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UN4GTBL said:
Aldo, it's nice to hear I'm not the only one with an anti-Goodyear bias!

Even the crappy firestones that came on my Caliber didn't have problems, like the Goodyears we've had. Granted they all wore way too fast.
The Goodyear F1 tires are supposed to be one of the best performance tires available, so Chrysler is not cutting corners by mounting these at the factory.

I can see how SRT is in a bind: they need to install tires that enthusiast recognize as high-performance, even though they may not be the most durable. If they were to mount Firestones or Falkens at the plant, we will hear enthusiasts complaining about SRT being cheap.

Personally, I am at the point where I'll take off those Goodyears as soon as I get the car --looks like a nail got ahead of me this time, though... :angry2:
 

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JavelinAMX said:
So, the they'll lean away from supplying the tire and jack.

Does this mean the cavity normally molded-in for those bits will be going, too?
You will get a spare track curled up in that empty cavity :glare:
 

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Agree.

And like some on here have stated: a tow is not a solution (1) if you get a flat after hours, (2) if you get a flat on your only vehicle, or (3) if you get a flat when you are out of cell range.
 

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TWX said:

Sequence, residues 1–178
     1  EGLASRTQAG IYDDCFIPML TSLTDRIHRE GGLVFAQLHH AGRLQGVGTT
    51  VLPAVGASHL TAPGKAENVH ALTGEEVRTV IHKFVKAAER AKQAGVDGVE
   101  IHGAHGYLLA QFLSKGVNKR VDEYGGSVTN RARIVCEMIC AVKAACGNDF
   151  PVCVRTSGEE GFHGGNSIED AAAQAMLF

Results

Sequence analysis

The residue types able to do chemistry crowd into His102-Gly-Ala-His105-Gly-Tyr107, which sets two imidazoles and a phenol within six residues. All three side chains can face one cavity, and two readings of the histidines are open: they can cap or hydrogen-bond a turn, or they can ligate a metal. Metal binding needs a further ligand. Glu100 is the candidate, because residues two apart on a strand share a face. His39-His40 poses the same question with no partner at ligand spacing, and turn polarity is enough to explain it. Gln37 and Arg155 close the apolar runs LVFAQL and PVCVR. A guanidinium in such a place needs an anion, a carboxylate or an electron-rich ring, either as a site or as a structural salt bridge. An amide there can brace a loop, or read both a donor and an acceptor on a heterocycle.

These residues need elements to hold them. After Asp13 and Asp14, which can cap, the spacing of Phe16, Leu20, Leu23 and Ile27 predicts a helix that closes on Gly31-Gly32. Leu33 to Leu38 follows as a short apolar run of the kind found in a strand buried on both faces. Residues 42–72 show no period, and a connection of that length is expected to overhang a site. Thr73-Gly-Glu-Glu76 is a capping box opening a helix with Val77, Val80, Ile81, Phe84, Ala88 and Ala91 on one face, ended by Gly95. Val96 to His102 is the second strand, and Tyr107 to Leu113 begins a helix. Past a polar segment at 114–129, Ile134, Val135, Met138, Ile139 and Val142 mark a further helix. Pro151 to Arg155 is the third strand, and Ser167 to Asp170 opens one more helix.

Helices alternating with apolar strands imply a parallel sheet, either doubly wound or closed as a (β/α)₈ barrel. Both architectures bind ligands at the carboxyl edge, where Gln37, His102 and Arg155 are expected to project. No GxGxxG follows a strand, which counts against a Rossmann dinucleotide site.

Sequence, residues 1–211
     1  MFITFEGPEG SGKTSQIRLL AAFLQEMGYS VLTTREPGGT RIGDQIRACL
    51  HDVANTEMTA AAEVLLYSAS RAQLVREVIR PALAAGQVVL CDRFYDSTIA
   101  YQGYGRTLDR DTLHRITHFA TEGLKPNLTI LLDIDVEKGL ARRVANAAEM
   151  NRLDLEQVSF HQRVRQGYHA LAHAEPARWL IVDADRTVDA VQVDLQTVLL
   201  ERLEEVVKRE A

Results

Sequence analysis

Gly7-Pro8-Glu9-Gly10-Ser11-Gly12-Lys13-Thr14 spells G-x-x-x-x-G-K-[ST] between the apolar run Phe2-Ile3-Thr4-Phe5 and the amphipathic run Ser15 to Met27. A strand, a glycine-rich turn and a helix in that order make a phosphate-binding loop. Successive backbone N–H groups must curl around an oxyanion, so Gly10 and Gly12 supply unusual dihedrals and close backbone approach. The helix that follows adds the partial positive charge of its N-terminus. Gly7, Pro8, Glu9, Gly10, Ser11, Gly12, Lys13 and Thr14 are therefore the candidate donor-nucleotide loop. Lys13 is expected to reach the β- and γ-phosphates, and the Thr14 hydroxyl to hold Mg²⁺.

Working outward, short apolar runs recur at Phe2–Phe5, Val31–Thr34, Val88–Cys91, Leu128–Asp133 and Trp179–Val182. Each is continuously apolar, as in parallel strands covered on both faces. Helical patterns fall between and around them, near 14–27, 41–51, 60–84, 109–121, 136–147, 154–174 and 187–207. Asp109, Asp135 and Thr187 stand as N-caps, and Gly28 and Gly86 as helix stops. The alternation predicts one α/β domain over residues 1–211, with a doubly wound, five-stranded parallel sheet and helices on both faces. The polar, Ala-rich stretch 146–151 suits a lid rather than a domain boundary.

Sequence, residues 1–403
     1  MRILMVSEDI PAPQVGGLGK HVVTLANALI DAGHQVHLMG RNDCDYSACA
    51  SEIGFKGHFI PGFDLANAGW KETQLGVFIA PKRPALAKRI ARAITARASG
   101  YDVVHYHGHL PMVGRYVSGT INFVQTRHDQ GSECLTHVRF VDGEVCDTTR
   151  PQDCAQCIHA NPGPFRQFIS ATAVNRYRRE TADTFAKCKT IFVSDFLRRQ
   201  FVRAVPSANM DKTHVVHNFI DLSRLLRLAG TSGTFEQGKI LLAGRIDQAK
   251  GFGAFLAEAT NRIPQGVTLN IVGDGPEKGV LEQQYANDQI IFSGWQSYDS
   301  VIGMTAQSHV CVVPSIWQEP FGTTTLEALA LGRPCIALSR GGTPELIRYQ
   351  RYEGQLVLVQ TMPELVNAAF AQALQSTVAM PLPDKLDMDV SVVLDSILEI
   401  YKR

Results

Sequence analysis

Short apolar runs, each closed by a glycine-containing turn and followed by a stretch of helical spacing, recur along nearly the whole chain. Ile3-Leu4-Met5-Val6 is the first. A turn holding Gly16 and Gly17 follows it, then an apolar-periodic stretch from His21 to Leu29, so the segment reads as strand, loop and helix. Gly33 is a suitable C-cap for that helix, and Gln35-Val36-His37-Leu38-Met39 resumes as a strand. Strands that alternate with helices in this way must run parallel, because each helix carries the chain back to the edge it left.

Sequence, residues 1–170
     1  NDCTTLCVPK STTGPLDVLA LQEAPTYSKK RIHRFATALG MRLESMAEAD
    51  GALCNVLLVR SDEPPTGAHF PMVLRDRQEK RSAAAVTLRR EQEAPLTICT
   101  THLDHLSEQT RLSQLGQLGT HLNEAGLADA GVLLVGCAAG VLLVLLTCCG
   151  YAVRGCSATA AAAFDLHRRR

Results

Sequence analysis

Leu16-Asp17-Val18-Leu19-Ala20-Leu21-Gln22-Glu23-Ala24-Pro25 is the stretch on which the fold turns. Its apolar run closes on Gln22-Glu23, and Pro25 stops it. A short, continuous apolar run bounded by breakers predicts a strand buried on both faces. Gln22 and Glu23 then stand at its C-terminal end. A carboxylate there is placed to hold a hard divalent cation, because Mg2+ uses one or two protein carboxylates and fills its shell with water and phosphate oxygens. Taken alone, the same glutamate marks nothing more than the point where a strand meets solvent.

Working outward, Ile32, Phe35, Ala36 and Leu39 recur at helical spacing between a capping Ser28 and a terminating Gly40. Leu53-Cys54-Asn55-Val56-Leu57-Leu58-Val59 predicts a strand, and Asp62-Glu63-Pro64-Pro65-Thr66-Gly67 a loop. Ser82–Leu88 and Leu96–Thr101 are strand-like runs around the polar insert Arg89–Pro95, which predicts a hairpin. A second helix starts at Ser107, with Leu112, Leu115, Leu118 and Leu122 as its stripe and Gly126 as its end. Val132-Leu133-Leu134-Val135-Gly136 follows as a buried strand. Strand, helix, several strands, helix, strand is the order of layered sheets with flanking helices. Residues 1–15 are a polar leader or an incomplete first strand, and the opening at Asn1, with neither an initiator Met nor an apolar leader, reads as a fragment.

Pretty much.

I had to replace a tire on my pickup when the pickup had a flat and another tire turned out to have a bubble in the tread (and I originally thought it was just a crappy truck, silly me!) and on a Sunday the only tire place open that I would at-all trust was the Firestone/Bridgestone service center. No Costco, no Discount Tire, no Big-O, etc. In hindsight I suppose that Walmart might have been open for tires, and probably pepboys, but after pepboys broke a lug on the Cordoba and then tried to hide that they did it, I won't let them touch anything on a car ever again if I can absolutely avoid it. No three-stooges of the auto repair industry for me...

Over on the poll, almost half of respondents have had a flat in the last 12 months, and more than 60% have had a flat in the last five years. More tellingly, no one has said that they've never had a flat or haven't had one in 25 years, with 22 respondents as of writing this. That tells me that the ability to properly stow at least a bare-minimum of a spare tire is essential, even if the wheel and tire itself is undersized, light-duty, or even optional equipment. Someone may purchase a vehicle when they live in the heart of a major city with at least one shop open off-hours that can do tires so they wouldn't absolutely need a spare, but if they moved then that might change and if the vehicle can accommodate one, then they could correct the situation even if they have to pay dealer prices to do so.